Across the country, new attention is being paid to graduate education and civic engagement (Applegate, 2002; Bloomfield, 2006). For decades college campuses have worked diligently to connect undergraduate academic study with public service in order to enhance learning and meet community needs, a connection often referred to as service-learning or civic engagement. Given that over 1,000 institutions have joined Campus Compact, a national organization of college presidents and institutions committed to this work (www.campuscompact.org), the widespread success of the service-learning movement is undeniable. As a further testament, the Carnegie Foundation for the Advancement of Teaching now has a classification focused solely on community engagement (www.carnegiefoundation.org/classifications/index). While graduate schools that prepare students for service-oriented professions such as law, medicine, and social work have long traditions of engaging students in clinics and other forms of experiential learning, graduate education overall has not been a major focus of the civic engagement movement (Stanton & Wagner, 2006).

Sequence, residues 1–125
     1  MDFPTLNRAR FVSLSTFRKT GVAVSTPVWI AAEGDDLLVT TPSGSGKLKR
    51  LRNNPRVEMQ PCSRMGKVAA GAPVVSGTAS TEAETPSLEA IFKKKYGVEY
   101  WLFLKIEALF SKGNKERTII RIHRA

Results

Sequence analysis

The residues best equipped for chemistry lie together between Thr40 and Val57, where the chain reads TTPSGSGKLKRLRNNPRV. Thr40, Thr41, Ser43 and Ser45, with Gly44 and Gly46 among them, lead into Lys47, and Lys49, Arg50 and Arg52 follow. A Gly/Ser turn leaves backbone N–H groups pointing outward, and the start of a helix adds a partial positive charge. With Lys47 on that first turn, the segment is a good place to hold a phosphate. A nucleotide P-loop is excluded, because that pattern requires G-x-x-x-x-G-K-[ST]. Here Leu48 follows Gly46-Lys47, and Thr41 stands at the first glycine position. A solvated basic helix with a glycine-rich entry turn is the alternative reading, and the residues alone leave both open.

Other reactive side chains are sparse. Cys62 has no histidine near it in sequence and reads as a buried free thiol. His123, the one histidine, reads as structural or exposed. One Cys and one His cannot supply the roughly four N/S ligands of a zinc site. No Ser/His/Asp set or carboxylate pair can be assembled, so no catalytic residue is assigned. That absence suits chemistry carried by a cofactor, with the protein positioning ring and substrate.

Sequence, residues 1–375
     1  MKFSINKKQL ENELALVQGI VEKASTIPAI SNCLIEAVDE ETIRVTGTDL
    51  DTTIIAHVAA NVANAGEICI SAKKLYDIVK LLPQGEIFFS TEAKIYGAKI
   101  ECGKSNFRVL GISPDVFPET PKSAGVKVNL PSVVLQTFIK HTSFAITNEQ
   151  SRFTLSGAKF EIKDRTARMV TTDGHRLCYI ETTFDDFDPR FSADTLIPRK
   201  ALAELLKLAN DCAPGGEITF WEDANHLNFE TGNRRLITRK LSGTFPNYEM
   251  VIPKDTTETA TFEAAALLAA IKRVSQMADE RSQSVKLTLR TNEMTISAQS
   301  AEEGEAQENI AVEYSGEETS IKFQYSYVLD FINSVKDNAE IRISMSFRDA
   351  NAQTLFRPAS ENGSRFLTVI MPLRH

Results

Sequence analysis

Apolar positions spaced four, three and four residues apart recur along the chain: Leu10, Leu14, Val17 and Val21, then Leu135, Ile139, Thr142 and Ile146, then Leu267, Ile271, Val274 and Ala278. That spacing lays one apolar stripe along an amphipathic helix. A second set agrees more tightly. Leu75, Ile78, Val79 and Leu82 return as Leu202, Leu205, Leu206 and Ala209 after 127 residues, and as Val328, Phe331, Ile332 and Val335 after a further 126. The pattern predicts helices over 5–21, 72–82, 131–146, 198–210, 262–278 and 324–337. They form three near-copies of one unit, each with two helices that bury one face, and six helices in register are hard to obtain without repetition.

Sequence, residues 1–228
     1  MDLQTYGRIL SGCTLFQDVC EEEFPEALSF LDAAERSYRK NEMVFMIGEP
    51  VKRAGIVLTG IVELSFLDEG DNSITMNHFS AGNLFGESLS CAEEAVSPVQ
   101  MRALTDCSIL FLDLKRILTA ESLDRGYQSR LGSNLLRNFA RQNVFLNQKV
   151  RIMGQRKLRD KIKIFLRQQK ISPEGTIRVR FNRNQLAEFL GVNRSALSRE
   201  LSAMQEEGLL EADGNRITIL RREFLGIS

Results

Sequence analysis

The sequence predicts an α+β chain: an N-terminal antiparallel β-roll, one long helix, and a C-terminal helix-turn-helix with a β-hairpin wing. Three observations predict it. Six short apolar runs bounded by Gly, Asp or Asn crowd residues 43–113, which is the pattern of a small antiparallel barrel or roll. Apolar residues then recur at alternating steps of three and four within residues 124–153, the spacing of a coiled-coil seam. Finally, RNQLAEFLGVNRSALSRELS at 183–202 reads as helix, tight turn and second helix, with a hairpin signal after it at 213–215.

O’Meara, KerryAnn, "Brief 20: Graduate Education and Civic Engagement" (2007). New England Resource Center for Higher Education Publications. 44.